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Gay pairs are urged not to sue

Legal actions to make the U.S. or other states recognize California marriages could backfire, groups say.

June 11, 2008|Maura Dolan | Times Staff Writer

SAN FRANCISCO — With only a few days left before gays can marry in California, nine major gay rights groups asked couples Tuesday not to sue the federal government or other states to have their California nuptials recognized, saying that legal action could harm the marriage equality movement.

In an unusual six-page memorandum, written for same-sex couples, groups ranging from the American Civil Liberties Union to Lambda Legal warned that lawsuits would invite "bad" court rulings that could take years to overturn.

The memo cautioned that the U.S. Supreme Court has traditionally refused to embrace major social change until many states have already acted and that the battle for marriage must be orchestrated strategically, state by state, court by court.

"Bad rulings will make it much more difficult for us to win marriage, and will certainly make it take much longer," the memo said.

Legal experts said the statement appeared to be an effort by groups who have successfully fought for gay marriage in California to maintain control of the litigation and reflected a fear that much of the rest of the country is not yet ready to embrace marriage for gay men and lesbians.

The memo "is a stark recognition of how their efforts have fared in the rest of the country any time the issue has been taken up in the ballot box," said John Eastman, dean of the Chapman University School of Law. "It is a tactical call that they are not quite ready yet in other states and not even in California to deal with the federal issue."

Twenty-seven states have passed constitutional amendments banning gay marriage, and only the high courts of California and Massachusetts have approved it. A ballot measure to reinstate California's marriage ban is headed for the November ballot.

"Eventually the U.S. Supreme Court is going to have to rule on whether states have to recognize same-sex marriages from Massachusetts and California," said Duke University law professor Erwin Chemerinsky. "What they want is to postpone that as long as possible because attitudes are changing quickly, and the more marriage equality gets entrenched, the more it is going to be widely accepted."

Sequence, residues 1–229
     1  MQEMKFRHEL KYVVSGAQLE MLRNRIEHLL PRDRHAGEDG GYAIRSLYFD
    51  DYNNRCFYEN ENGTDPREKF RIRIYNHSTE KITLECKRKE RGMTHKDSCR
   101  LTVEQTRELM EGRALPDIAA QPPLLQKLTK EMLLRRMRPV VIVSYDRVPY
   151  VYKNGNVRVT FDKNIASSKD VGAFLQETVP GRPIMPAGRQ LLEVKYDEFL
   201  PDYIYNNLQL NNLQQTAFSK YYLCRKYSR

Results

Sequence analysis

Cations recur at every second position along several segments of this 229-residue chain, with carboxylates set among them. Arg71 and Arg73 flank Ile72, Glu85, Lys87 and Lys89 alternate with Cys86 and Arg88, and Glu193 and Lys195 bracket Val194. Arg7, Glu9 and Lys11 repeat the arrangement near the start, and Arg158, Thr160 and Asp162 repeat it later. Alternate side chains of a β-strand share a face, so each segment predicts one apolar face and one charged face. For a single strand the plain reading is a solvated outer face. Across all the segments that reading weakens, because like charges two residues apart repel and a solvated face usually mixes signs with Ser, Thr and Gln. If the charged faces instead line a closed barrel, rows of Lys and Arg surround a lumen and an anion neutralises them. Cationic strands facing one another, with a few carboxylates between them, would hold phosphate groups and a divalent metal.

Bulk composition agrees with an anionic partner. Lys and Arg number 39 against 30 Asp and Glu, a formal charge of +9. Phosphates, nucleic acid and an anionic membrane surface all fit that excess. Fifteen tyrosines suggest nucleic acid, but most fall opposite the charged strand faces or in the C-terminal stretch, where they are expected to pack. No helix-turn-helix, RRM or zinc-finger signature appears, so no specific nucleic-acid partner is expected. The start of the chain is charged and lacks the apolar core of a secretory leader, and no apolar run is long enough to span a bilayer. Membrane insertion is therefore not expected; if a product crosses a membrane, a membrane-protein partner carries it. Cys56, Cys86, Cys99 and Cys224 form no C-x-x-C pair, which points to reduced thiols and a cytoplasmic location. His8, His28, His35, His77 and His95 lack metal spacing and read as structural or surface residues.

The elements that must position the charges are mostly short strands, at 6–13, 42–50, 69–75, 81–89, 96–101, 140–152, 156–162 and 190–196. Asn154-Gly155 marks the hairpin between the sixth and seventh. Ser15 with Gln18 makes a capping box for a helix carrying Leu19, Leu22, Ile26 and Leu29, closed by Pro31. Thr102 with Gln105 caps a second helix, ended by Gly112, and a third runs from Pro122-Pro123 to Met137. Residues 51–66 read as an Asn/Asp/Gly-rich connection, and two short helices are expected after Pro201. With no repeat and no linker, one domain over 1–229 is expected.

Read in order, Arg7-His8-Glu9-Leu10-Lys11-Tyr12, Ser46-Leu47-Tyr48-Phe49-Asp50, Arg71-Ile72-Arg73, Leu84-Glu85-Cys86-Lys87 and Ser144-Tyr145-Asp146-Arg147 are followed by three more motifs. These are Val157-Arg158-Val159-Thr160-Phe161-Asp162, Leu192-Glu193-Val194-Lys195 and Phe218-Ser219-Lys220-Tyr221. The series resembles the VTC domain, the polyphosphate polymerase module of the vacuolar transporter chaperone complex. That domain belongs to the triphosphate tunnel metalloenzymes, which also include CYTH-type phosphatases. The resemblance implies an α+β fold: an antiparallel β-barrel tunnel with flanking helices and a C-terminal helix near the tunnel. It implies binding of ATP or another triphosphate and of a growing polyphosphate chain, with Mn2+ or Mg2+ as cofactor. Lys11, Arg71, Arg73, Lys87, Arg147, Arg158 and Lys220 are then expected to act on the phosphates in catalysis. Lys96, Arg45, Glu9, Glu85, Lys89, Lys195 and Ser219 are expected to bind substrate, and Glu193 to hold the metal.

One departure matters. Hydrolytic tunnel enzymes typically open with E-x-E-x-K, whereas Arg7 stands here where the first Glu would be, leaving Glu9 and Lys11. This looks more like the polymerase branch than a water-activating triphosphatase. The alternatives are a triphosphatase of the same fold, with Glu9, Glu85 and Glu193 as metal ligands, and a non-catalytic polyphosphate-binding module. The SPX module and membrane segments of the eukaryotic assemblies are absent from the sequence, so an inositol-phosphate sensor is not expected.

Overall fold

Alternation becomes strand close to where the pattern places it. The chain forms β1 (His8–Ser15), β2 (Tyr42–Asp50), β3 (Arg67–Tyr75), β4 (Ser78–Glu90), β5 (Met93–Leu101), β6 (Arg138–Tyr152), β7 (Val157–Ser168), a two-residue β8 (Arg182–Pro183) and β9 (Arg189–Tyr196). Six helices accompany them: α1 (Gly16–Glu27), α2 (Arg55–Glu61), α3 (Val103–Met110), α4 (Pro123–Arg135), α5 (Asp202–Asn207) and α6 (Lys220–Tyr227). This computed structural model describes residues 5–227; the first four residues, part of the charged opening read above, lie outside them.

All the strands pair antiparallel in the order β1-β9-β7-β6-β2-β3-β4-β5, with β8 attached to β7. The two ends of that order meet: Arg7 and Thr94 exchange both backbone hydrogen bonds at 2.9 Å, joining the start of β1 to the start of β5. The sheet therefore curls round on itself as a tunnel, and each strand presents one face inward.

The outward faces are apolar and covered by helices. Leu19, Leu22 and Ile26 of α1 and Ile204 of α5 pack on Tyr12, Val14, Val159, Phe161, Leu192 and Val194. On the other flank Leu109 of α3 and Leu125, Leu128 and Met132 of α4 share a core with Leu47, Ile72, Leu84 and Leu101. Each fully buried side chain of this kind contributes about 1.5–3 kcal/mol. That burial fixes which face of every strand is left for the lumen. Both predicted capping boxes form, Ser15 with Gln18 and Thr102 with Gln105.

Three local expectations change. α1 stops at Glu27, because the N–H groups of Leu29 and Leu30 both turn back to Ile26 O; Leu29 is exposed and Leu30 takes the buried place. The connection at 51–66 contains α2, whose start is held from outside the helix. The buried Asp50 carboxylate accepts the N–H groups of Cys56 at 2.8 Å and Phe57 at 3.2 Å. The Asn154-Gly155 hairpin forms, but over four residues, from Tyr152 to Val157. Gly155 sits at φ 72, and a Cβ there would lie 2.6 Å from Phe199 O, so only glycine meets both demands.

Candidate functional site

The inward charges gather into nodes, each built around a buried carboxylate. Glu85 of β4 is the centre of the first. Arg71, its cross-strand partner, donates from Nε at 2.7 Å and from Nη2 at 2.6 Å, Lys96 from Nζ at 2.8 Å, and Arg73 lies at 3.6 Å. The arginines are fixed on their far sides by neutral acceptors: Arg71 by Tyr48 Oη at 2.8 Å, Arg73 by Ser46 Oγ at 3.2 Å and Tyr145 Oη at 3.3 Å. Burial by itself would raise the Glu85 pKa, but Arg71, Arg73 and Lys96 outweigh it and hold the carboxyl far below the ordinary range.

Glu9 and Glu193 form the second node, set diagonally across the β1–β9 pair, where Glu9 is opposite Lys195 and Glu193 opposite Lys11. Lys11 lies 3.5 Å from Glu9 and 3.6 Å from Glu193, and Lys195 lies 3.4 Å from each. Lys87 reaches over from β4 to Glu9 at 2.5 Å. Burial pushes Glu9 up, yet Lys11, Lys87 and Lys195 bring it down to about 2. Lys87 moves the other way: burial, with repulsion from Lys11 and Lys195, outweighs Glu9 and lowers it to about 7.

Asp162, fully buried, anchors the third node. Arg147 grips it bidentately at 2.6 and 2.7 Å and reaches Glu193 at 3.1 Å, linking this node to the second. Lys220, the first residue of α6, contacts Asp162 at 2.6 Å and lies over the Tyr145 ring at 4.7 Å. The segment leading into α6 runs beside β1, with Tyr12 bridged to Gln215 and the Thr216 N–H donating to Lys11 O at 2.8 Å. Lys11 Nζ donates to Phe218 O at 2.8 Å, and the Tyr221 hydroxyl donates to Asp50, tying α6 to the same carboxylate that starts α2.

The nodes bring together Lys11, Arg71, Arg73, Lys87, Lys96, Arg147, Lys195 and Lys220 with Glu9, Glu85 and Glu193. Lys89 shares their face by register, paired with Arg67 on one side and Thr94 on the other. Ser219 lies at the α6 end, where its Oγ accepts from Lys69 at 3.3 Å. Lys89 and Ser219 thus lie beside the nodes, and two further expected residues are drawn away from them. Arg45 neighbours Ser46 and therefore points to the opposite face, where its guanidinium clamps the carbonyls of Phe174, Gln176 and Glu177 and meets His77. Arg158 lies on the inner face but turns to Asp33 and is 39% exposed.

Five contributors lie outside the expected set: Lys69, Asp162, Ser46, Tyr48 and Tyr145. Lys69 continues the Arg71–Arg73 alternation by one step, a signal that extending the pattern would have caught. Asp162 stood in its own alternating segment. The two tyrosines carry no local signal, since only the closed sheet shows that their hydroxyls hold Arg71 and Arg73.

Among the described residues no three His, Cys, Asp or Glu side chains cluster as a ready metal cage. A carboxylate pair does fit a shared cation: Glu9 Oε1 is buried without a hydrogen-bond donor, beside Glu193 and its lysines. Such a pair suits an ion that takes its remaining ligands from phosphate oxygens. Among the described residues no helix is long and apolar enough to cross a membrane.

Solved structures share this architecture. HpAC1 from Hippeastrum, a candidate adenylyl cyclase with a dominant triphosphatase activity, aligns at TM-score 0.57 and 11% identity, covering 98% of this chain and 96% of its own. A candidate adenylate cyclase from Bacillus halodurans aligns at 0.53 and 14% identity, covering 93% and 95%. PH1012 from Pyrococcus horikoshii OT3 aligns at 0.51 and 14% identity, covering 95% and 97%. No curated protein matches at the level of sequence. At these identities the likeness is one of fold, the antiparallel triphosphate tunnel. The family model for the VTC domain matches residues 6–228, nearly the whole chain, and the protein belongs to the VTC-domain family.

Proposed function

If the U.S. Supreme Court considered the federal Defense of Marriage Act, which permits states to refuse to recognize same-sex marriage in other states, the current court would likely split 5 to 4, with Justice Anthony M. Kennedy being an unpredictable swing vote, some scholars believe.

Gay rights groups aren't ready yet to take that risk.

Jon W. Davidson, legal director of Lambda Legal, called the joint statement "unprecedented," particularly since it came from so many groups.

The memorandum says marriage rights should be tackled first in state courts, and only in states with courts "that may be ready to do the right thing." Marriage cases are pending before the high courts in Iowa and Connecticut, and gay rights groups are hoping the legislatures of New York and New Jersey will eventually remove bans on gay marriage.

Advocacy groups were largely successful in discouraging lawsuits by couples who wed in Massachusetts and then sought to have their marriages recognized elsewhere. One same-sex couple from Massachusetts filed suit in Florida and lost. Now Florida voters are being asked to amend the state constitution to limit marriage to opposite-sex couples.

Unlike Massachusetts, California has no residency requirements for couples wishing to wed, and tens of thousands of same-sex couples are expected to travel to the state to marry. Experts believe that at least some will return home and bring legal actions.

Asked whether the memo was likely to prevent lawsuits, Davidson said: "I guess we'll just have to see whether it is successful or not."

The statement said that "early and unnecessary" court losses over marriage rights in Arizona and Indiana "hurt our other cases." Courts in New York, Washington state and Maryland narrowly rejected same-sex marriage and adopted some of the "contorted reasoning" from those earlier decisions, the memo said.

"Because so far, more marriage cases have been lost than won, taking on a principled but long-shot case and racking up more losses now just makes it harder to convince other courts and legislatures," the memo said.

Mathew Staver, found of Liberty Counsel, which opposes same-sex marriage, predicted that once weddings start in California, the groups "won't be able to control the agenda anymore and there will be somebody, somewhere, not associated with the normal groups, that will file suit with the federal government."

Hoping to forestall such lawsuits, the advocacy groups promised that in a few years, same-sex marriage "won't seem like such a big jump" for courts and legislatures. In the meantime, the groups warned that court losses in marriage cases could reverberate into employment, adoption and custody law for gay people.

Instead of suing, same-sex couples should work against the California anti-gay marriage ballot measure and promote marriage rights in conversations with friends, co-workers, neighbors and employers, the statement said.

"With the victories in Massachusetts and California, we should be able to win marriage more quickly in other states," the statement said. "But we have to lay the groundwork."

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maura.dolan@latimes.com

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